sauvignon blanc

braised chicken thighs with white wine, lemon, & capers

I may or may not have already said this, but this weather is starting to get me a little down. It’s hard to maintain a happy attitude and healthy energy level when it’s always cold and windy and slushy and wet and disgusting outside.

braised chicken thighs with white wine, lemon, & capers | Brooklyn Homemaker

I also may or may not have already said this, but I’ve totally been craving citrus like crazy lately. I normally like to at least attempt to eat seasonally, eating tomatoes at the end of the summer, apples in the fall, and asparagus in the spring, and generally avoiding the stuff shipped in from Peru for the rest of the year. I am certainly not fanatical about it, but most produce honestly just tastes better when it’s fresh and local instead of traveling from across the country or across the world. At this point in winter though, all those good intentions go straight out the window. When I can smell spring coming around the corner I can’t take it anymore and want nothing more than fresh bright summery foods, especially the tropical-ish flavors of citrus. So, you’ll have to forgive me (or maybe thank me) for doing another citrus recipe, this one with lemon, after just doing a soup with a healthy dose of lime.

braised chicken thighs with white wine, lemon, & capers | Brooklyn Homemaker

We recently got the unfortunate news that one of our close friends is moving away to London, so we wanted to have her for dinner to say farewell. I knew I wanted to make something really special, so I thought a rich hearty braised chicken dish was just the ticket. Although I totally love spending my day off braising a roast or stew, sometimes you just need something to come together a little faster. Chicken thighs are a really great way to make it seem like you slaved over a hot stove for half the day, when in reality you threw it together in just over an hour. Chicken thighs are also really inexpensive, packed with amazing flavor, and almost always come out juicy and tender.  This meal browns for about 15 minutes on the stove and then spends another 45 minutes in the oven. Including prep time, the whole shebang can be on your plate and in your mouth in 90 minutes or less.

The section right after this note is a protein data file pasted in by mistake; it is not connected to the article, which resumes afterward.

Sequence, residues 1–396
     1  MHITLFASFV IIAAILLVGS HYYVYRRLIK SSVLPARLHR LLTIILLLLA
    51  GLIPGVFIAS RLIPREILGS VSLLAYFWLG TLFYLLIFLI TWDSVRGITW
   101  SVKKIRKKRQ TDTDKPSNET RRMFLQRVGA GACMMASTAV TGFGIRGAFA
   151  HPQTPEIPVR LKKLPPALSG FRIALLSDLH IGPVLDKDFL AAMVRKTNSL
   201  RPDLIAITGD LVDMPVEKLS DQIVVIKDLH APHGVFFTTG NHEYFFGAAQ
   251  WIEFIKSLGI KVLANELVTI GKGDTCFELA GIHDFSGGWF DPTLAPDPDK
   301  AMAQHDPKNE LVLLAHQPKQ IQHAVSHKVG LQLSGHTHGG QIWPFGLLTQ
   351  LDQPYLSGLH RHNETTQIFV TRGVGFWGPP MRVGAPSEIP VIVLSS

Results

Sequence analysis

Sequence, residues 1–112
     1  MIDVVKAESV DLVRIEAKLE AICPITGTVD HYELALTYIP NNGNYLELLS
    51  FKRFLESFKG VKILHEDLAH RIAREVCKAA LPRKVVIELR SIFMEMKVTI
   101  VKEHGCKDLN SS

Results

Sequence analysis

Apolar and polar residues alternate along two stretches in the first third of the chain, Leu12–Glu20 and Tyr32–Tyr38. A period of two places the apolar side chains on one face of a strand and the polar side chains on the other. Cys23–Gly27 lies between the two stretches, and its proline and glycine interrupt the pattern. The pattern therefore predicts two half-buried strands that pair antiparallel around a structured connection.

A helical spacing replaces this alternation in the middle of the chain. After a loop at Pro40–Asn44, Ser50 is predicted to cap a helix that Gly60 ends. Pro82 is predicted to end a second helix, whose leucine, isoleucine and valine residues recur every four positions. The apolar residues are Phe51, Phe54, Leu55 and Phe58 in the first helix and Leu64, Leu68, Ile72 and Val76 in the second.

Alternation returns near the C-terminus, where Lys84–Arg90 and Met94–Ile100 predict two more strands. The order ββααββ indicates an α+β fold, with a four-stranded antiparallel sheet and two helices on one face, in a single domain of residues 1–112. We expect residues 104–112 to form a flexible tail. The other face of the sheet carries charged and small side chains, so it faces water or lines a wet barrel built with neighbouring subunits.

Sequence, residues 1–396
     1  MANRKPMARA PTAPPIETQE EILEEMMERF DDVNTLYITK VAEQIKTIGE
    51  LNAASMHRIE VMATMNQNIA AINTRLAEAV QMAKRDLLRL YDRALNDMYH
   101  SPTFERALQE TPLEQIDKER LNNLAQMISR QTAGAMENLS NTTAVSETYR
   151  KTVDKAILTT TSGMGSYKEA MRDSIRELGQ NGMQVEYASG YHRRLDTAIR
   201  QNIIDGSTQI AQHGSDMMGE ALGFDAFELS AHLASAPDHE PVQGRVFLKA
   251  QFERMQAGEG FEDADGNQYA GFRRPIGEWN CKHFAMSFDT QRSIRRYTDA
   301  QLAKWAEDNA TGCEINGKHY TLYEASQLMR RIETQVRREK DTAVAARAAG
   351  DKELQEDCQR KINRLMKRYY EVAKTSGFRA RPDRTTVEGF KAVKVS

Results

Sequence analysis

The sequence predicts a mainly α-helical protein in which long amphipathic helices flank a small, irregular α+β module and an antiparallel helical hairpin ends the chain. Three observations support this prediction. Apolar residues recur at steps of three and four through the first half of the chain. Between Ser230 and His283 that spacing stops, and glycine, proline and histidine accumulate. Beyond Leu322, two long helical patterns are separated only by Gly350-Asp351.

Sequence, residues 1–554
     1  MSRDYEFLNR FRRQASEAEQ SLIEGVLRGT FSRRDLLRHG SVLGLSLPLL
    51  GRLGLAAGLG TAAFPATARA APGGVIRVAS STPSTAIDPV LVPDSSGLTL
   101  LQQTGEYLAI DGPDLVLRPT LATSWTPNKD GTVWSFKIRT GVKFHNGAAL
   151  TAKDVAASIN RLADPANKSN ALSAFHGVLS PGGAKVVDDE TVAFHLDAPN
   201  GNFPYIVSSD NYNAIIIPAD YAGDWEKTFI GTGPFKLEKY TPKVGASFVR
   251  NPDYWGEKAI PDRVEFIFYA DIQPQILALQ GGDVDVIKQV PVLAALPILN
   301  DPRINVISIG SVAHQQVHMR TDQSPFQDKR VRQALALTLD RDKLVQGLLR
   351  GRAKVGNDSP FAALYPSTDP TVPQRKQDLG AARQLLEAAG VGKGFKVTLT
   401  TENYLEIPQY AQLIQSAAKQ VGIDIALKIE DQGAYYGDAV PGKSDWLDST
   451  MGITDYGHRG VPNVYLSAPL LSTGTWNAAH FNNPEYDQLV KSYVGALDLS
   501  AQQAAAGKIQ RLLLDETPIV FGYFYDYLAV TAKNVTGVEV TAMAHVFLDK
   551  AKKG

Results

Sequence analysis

Another little trick to make a meal feel like it cooked all day is to use really bold flavors. I thought the combination of fresh thyme, whole cloves of garlic, and salty capers would be perfect here. To cut the briney saltiness of the capers and the fattiness of the chicken, a healthy dose of crisp white wine and the zest of a whole lemon help make this dish taste really special. I think that the bright citrus-y notes of Sauvignon Blanc work really well, but you can use whatever  you like to drink or whatever you already have in the house.

braised chicken thighs with white wine, lemon, & capers | Brooklyn Homemaker braised chicken thighs with white wine, lemon, & capers | Brooklyn Homemaker braised chicken thighs with white wine, lemon, & capers | Brooklyn Homemaker

I adapted this recipe from one I found in Food & Wine, and while the recipe was amazing and I made only a few small changes, there was something about it that I found a bit strange. The original recipe said to use a large cast iron skillet to cook the entire meal. While the size and shape of a large skillet would lend well to this dish, I would never recommend slow cooking acidic meals in seasoned cast iron. Since this only cooks for an hour it’s not the end of the world, but acidic ingredients like wine and lemon can eat away at the seasoning in cast iron, which can not only negatively affect the function of your pan, but can also give your meal a slight metallic taste. The best option for this dish would be a large enameled skillet or enameled dutch oven without the lid. If you don’t have enameled cookware, you can also use a high-walled heavy stainless steel skillet, or any non-reactive, oven-safe and stovetop-safe pan that’s large enough.